Zooming in on bladder issues 2.0
A new-and-improved technique to analyze bladder function in rodents shifts the paradigm
September 12, 2022
Last year, researchers at VIB and KU Leuven developed an innovative technique to monitor the urinary tract in rodents with unprecedented detail. Now, they made important improvements to the method by harnessing the power of machine learning to enable detailed, non-invasive analysis of bladder function in awake and freely moving mice. The new-and-improved technique can advance the search for causes and treatments of lower urinary tract dysfunction.
Lower urinary tract (LUT) dysfunction plagues about one in five people, with an increased prevalence with aging. LUT dysfunction includes a broad spectrum of conditions where urine storage and excretion are affected. Symptoms include urinary incontinence, nocturia (waking up at night to urinate), urgency, frequency, the inability to empty the bladder efficiently, painful voiding, and many more. LUT problems are a common comorbidity of diabetes and various neurodegenerative diseases. While generally not life-threatening, LUT dysfunction can significantly impact the quality of life.
To develop better treatment options for this impairment, researchers need a more in-depth understanding of the fundamental cellular and molecular mechanisms that regulate bladder (patho)physiology. In 2021, the team of Thomas Voets (VIB-KU Leuven) and Wouter Everaerts (UZ Leuven – Department of Urology) reported the use of X-ray-based videocystometry of the lower urinary tract, providing unprecedented details of the working of the bladder, urethra, and ureters in mice. Now, PhD student Helene De Bruyn in the lab of Thomas Voets, teamed up with Nikky Corthout and Sebastian Munck from the VIB BioImaging Core to further optimize this technique. In a new study, the researchers enabled the non-invasive imaging of bladder function in awake, behaving animals. These studies represent a shift from the current gold standard techniques to study LUT in mice and constitute a refinement of laboratory animals' use.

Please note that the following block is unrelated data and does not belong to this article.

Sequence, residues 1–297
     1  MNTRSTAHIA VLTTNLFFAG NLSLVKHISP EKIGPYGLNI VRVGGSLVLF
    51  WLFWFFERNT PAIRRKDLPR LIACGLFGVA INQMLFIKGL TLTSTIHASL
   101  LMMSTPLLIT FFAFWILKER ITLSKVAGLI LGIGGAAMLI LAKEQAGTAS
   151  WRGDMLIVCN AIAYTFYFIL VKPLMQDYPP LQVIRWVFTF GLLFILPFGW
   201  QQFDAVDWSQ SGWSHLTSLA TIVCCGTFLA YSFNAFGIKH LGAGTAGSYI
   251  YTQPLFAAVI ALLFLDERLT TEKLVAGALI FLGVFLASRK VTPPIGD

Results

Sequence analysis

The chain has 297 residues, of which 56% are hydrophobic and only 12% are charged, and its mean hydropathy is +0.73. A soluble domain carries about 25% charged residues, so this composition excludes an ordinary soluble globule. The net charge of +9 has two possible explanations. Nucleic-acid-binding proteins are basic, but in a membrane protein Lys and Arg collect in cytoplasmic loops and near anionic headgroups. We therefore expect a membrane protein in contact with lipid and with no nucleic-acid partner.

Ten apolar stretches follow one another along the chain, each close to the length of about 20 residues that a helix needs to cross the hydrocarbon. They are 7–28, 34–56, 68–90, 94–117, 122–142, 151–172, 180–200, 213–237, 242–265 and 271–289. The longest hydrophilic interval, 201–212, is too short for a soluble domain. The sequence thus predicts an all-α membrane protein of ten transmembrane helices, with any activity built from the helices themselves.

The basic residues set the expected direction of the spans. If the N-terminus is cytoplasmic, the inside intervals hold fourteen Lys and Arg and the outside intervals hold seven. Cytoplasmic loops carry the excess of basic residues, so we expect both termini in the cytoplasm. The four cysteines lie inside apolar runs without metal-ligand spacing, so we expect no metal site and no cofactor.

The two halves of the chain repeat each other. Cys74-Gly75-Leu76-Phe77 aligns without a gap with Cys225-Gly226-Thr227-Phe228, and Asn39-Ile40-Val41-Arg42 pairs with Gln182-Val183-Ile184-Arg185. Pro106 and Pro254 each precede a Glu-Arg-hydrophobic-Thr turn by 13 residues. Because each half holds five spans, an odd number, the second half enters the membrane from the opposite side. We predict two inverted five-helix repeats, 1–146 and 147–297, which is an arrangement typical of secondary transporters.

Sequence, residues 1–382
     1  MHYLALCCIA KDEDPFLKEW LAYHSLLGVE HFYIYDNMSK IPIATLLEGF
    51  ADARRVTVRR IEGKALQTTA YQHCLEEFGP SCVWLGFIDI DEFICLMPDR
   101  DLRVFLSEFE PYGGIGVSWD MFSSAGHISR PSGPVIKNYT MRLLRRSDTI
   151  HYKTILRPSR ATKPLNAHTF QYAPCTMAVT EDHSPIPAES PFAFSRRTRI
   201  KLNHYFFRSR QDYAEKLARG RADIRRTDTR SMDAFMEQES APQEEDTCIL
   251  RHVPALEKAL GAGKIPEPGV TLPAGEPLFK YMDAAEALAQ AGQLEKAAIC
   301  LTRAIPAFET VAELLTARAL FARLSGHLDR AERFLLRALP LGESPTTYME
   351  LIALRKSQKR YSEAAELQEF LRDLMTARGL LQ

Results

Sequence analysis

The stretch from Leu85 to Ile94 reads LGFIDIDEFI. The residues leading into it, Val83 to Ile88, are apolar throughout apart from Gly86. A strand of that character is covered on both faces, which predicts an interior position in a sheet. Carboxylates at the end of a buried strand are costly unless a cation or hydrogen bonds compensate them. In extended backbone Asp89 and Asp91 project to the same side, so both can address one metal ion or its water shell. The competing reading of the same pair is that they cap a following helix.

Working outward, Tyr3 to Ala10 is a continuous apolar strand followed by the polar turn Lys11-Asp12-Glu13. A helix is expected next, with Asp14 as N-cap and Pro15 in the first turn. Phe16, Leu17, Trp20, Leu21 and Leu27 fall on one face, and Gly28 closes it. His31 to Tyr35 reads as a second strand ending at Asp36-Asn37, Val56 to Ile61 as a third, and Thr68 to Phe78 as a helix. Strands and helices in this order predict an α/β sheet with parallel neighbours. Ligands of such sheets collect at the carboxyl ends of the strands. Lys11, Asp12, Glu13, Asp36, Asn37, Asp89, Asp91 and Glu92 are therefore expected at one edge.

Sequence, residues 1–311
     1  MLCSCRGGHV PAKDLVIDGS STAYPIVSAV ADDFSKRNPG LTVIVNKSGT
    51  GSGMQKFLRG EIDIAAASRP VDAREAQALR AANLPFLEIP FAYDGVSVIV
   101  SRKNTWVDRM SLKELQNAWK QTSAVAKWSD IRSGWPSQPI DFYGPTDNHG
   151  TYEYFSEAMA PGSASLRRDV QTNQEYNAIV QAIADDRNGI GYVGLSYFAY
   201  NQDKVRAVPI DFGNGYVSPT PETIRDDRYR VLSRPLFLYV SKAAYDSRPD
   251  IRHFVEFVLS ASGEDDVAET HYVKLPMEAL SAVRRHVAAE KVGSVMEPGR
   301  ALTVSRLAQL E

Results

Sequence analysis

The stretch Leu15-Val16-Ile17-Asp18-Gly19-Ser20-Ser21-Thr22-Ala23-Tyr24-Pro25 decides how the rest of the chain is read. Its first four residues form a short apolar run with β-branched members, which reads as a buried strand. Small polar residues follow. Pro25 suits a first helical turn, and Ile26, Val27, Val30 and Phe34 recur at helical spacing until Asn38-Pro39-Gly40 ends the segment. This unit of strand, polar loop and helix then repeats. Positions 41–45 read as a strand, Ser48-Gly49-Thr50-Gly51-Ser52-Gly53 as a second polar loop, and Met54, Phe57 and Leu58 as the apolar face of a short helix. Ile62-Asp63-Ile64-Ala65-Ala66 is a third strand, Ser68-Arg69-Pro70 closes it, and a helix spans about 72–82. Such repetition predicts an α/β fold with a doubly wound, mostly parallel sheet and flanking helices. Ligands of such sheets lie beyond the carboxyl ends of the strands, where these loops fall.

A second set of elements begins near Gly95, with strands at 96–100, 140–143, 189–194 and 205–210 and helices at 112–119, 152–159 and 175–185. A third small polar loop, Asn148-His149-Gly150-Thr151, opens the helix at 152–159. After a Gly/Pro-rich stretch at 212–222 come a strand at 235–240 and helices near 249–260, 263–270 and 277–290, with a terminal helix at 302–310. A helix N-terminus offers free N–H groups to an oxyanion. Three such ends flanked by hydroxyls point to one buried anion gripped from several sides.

De Bruyn: "By working with the VIB Bioimaging Core, we devised an innovative method to automatically analyze millions of X-ray images of the lower urinary tract in mice based on machine learning. This approach allows the detailed analysis of bladder function in awake and behaving animals for the first time based on continuous bladder imaging."
Implementing a machine-learning protocol permitted automated detection of the bladder irrespective of the animal's posture, thus allowing quantitative and highly time-resolved analysis of bladder filling and voiding in freely moving mice. Using this technique, the researchers discovered that the use of anesthesia or the implantation of a catheter, as is standardly used in bladder research, profoundly impacts the bladder's functionality, thus revealing a vital flaw of earlier studies.
Voets: "We are now routinely using this technique, not only to uncover aspects of bladder function that up till now could not be studied but also to develop highly needed new therapies for the treatment of lower urinary tract symptoms in patients. "
Machine learning-assisted fluoroscopy of bladder function in awake mice. De Bruyn et al. eLife 2022
X-ray videocystometry for high-speed monitoring of urinary tract function in mice
Franken, De Bruyn et al. Science Advances 2021
Questions from patients
A breakthrough in research is not the same as a breakthrough in medicine. The realizations of VIB researchers can form the basis of new therapies, but the development path still takes years. This can raise a lot of questions. That is why we ask you to please refer questions in your report or article to the email address that VIB makes available for this purpose: [email protected] Everyone can submit questions concerning this and other medically-oriented research directly to VIB via this address.
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VIB-KU Leuven Center for Brain & Disease Research
Scientists at the VIB-KU Leuven Center for Brain & Disease study how brain cells are organized and how they communicate with each other. These mechanisms reveal and provide insights into what goes wrong in brain diseases such as Alzheimer's, Parkinson's, ALS and dystonia. This basic work should ultimately lead to new drugs for use against these currently incurable diseases.
KU Leuven is a leading European university dedicated to research, education and service to society. It is a founding member of the League of European Research Universities (LERU) and has a strong European and international orientation. Its sizeable academic staff conducts basic and applied research in a comprehensive range of disciplines. University Hospitals Leuven, its network of research hospitals, provides high-quality healthcare and develops new therapeutic and diagnostic insights with an emphasis on translational research. The University welcomes more 50,000 students from over 140 countries.Its doctoral schools organise internationally oriented PhD programmes for over 4,500 doctoral students. More info: www.kuleuven.be/english.